You can delve further information on the art of the ancient Mediterranean by reading about Cycladic figurines here.

Minoan bull-leaping

Bull Leaping Fresco, c.1450 BCE, Knossos, Crete, Greece.
Bull Leaping Fresco (The Taurodor), c.1450 BCE, Knossos, Crete, Greece.

Amongst the iconography of the artifacts at Minoan Knossos on Crete is the imagery of bulls. The cultural significance is a bit of a mystery, but symbols of horns seem to pervade the palace. One of the most exciting facets of this is the tantalising idea of a practice of bull-leaping, perhaps as a form of ritual. The Bull Leaping fresco (also known as The Taurodor) is one of the most completely restored from the site. The colorings of the figures may signify anything from gender or status to age.

Mycenaean warriors

The Pylos Combat Agate, a sealstone found in the grave of 'The Griffin Warrior, Pylos, Greece.
The Pylos Combat Agate, a sealstone found in the grave of ‘The Griffin Warrior, Pylos, Greece.

With Mycenaean artifacts, we get a strong impression that being a warrior was important. There is an iconography around ‘warriors,’ which is very pronounced in burial practices. Excavated in 2017, The Pylos Combate Agate is a sealstone that was part of a tomb near the palace at Pylos. Incredibly it is only 3.4cm in width! Consequently, it is noteworthy for its exceptionally elaborate engraving. Note the musculature, sinews, and motion of the athletic fighters. This sealstone anticipates developments of the Classical era almost a millennium later.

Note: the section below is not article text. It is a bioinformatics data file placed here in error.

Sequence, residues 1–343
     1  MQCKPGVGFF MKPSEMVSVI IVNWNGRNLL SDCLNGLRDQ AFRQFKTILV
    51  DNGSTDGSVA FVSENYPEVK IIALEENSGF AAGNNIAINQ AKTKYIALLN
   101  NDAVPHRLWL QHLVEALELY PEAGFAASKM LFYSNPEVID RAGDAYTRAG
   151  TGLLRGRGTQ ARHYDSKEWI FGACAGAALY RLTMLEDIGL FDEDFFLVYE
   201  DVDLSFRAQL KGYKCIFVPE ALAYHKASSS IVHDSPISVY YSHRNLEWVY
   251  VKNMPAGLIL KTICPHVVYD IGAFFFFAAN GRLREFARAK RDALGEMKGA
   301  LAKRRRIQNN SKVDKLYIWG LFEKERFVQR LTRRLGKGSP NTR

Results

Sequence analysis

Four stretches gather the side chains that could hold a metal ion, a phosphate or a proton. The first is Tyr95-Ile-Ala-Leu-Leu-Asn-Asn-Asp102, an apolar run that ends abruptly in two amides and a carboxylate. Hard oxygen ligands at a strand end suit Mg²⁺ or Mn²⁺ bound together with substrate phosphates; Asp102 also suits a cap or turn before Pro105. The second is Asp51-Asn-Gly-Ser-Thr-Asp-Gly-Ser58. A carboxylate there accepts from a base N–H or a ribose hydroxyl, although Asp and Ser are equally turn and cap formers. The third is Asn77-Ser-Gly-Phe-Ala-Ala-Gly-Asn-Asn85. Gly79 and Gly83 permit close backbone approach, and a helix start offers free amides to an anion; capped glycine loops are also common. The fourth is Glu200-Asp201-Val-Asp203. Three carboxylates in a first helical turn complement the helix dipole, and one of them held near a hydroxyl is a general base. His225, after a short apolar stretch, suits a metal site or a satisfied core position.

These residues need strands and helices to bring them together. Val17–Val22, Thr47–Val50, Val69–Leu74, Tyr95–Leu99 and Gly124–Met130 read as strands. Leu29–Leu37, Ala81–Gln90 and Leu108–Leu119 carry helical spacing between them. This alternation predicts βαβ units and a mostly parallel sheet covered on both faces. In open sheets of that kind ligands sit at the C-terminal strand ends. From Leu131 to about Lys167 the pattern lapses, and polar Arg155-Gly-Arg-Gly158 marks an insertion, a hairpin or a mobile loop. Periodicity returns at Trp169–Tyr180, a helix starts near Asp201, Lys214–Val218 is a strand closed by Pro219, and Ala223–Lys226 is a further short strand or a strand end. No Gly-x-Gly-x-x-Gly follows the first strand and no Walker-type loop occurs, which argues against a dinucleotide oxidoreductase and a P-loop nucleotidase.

Geometric Art (c. 900 BCE)

After the Minoans and Mycenaeans comes a dark age and a comparative dearth of evidence. From around 900 BCE we begin to see a particular style of art emerge on the vase. As the name suggests this style has geometric shapes as the keynote. Scholars can see iconographies within the geometric that relate to the late Mycenaean period. Therefore we don’t have delineations of muscles and depictions of athletes in motion. Nevertheless, we do have the suggestion that forms of sport are still vital in society. For example, depictions of chariots and javelins were possibly linked to the idea of funeral games and the significance of war.

Euonymeia and geometric charioteers